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Static Equilibrium and downward force

  1. Nov 3, 2006 #1
    I just want to make sure that I approached the following problem correctly:

    A boy carries a sack on one end of a very light stick that is balanced on his shoulder, at an angle of 22.0 degrees up from the horizontal. The mass of the sack is 7.00 kg, and it sits 1.20 m from his shoulder. If his hand is 0.350 m from his shoulder, on the other end of the stick, what is the magnitude of the downward force the boy exerts with his hand?

    I drew somewhat of a force diagram, then:

    Set x=force of hand
    torque of hand + torque of wall = 0
    rFcos(theta) + rFsin(theta) = 0
    -(.350m)(x)(cos 22) + (1.2m)(9kg*9.8 m/s2)(sin 22) = 0
    .3245x = 39.648
    x = 122.18 N
     
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  3. Nov 3, 2006 #2

    PhanthomJay

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    Besides a couple of typos, why did you use the sin theta distance component as the moment arm for the downward force of the boy's hand? And oh if you use weight on right side of equation, you need to use it on left side also (i.e., multiply the mass by g.)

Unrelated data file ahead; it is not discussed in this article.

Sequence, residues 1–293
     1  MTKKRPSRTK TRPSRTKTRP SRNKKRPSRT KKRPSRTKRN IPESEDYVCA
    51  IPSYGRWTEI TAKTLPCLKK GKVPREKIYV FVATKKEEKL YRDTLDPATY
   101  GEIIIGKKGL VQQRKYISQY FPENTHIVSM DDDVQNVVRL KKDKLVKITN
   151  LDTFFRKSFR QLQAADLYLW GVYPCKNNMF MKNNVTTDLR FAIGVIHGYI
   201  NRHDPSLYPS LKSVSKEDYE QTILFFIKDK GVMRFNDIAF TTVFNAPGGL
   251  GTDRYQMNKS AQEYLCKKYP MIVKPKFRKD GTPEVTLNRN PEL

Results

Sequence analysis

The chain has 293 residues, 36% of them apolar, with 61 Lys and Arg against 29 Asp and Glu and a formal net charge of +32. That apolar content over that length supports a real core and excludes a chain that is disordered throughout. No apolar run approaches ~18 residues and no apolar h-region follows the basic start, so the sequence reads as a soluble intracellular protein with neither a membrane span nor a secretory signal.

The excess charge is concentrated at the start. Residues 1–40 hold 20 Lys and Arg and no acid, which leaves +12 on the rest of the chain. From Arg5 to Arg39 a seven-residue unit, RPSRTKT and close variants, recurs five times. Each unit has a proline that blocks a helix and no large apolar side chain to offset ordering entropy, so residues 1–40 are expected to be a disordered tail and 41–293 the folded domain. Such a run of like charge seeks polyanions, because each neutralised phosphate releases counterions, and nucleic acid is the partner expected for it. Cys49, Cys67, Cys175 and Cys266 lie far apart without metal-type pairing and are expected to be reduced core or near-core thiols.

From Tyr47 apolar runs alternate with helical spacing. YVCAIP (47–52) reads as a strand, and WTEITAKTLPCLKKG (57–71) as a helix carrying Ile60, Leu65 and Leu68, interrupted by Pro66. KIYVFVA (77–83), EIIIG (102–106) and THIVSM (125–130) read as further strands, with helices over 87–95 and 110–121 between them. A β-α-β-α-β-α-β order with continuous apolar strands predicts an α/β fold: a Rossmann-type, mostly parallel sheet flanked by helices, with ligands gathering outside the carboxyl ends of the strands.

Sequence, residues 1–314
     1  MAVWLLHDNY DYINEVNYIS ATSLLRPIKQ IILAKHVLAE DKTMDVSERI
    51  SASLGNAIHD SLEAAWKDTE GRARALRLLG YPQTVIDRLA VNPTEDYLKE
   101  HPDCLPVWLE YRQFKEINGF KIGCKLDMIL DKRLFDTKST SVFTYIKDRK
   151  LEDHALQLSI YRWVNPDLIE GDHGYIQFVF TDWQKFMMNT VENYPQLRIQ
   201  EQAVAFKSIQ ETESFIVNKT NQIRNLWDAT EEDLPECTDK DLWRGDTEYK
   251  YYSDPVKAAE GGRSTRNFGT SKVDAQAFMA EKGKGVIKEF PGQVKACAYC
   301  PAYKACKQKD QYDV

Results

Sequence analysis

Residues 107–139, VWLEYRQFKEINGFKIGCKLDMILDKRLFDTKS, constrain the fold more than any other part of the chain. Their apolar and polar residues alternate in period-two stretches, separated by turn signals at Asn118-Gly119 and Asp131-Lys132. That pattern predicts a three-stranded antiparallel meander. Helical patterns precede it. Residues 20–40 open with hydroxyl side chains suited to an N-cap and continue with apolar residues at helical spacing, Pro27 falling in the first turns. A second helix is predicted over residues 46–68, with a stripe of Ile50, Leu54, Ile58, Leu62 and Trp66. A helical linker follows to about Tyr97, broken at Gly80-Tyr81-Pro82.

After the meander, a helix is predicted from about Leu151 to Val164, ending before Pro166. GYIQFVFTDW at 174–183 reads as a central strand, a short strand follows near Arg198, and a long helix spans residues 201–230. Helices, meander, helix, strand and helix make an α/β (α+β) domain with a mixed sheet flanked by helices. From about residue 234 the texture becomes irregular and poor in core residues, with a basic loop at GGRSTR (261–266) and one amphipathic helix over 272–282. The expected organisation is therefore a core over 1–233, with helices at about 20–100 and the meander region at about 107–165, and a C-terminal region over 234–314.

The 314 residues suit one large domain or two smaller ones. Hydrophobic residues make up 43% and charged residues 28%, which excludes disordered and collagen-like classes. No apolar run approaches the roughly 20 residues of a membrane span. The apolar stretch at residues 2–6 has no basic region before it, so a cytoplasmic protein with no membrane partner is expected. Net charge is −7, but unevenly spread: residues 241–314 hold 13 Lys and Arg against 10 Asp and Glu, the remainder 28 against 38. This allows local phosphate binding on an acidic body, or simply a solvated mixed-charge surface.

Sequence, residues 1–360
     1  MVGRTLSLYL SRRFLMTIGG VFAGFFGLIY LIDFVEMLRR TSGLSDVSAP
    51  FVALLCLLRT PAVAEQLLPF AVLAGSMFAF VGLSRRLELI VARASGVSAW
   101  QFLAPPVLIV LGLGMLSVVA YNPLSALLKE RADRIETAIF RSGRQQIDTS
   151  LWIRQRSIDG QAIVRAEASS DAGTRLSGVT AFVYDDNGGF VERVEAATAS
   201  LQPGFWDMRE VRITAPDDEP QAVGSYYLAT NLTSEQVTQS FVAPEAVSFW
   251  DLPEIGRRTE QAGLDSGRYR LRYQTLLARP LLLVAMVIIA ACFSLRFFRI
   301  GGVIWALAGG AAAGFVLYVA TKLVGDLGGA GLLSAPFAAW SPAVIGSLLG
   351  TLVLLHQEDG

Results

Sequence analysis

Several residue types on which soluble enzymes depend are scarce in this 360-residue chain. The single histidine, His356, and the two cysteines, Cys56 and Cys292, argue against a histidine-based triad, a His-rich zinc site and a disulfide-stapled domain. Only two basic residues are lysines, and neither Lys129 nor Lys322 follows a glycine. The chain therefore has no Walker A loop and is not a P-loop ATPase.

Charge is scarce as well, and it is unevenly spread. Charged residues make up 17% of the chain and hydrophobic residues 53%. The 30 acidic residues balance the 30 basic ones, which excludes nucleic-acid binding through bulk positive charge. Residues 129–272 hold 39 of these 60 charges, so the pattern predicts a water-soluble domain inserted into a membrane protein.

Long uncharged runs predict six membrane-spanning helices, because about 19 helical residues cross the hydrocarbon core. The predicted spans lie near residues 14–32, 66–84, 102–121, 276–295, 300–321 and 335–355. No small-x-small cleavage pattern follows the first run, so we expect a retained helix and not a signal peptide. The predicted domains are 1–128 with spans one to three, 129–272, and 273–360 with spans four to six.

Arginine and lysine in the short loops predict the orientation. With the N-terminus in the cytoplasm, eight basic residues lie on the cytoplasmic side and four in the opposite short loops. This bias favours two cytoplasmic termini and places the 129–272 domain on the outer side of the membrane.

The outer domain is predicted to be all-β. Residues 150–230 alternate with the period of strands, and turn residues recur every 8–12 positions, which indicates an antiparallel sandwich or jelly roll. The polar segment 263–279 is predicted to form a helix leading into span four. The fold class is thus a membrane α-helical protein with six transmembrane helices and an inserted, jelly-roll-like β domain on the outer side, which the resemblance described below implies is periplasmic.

Last edited: Nov 3, 2006
  4. Nov 3, 2006 #3
    Well, in my force diagram, the 22 degree angle is right across from the downward force of the boy's hand. I guess they're just mirror images of each other...

    So, the force of both the hand and the sack are Fsin(theta)?

    torque of hand + torque of wall = 0
    rFsin(theta) + rFsin(theta) = 0
    -(.350m)(x)(sin 22) + (1.2m)(9kg*9.8 m/s2)(sin 22) = 0
    .13111x = 39.648
    x=302.4 N
     
  5. Nov 3, 2006 #4

    PhanthomJay

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    Without a diagram, it is hard to understand where the 22 degree angle is; but in your statement you said it was up from the horizontal, in whichcase you should use cos 22 on both sides of the equation. There are 2 ways to calculate torques: The first is to take the magnitude of the force and multiply it by the perpendicular distance from the line of action of the force to the point you are taking moments about. In which case you have, for the sack torque,
    [tex]F(r) cos\theta = 9(9.8)(1.2) cos 22 [/tex].
    OR, you can use the definition of torque
    [tex]T =Frsin\theta [/tex], but here, [tex]\theta[/tex]is the included angle between the force and displacemnt vectors, [tex]\theta = 68 degrees[/tex].. You will get the same answer; I prefer the first method.
     
  6. Nov 3, 2006 #5
    Thanks for all your help :)
     
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